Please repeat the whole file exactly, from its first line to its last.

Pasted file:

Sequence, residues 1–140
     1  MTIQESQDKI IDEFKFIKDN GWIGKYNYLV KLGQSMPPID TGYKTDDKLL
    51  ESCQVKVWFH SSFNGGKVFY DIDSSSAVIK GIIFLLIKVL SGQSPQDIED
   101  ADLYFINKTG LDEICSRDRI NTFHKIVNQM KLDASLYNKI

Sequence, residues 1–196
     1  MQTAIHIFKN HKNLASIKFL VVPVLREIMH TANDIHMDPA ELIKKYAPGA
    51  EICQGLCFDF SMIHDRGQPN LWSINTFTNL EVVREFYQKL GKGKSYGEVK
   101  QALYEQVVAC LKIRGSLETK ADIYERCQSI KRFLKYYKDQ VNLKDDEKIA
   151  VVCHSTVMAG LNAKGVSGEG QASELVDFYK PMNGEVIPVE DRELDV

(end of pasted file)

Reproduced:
Sequence, residues 1–140
     1  MTIQESQDKI IDEFKFIKDN GWIGKYNYLV KLGQSMPPID TGYKTDDKLL
    51  ESCQVKVWFH SSFNGGKVFY DIDSSSAVIK GIIFLLIKVL SGQSPQDIED
   101  ADLYFINKTG LDEICSRDRI NTFHKIVNQM KLDASLYNKI

Sequence, residues 1–196
     1  MQTAIHIFKN HKNLASIKFL VVPVLREIMH TANDIHMDPA ELIKKYAPGA
    51  EICQGLCFDF SMIHDRGQPN LWSINTFTNL EVVREFYQKL GKGKSYGEVK
   101  QALYEQVVAC LKIRGSLETK ADIYERCQSI KRFLKYYKDQ VNLKDDEKIA
   151  VVCHSTVMAG LNAKGVSGEG QASELVDFYK PMNGEVIPVE DRELDV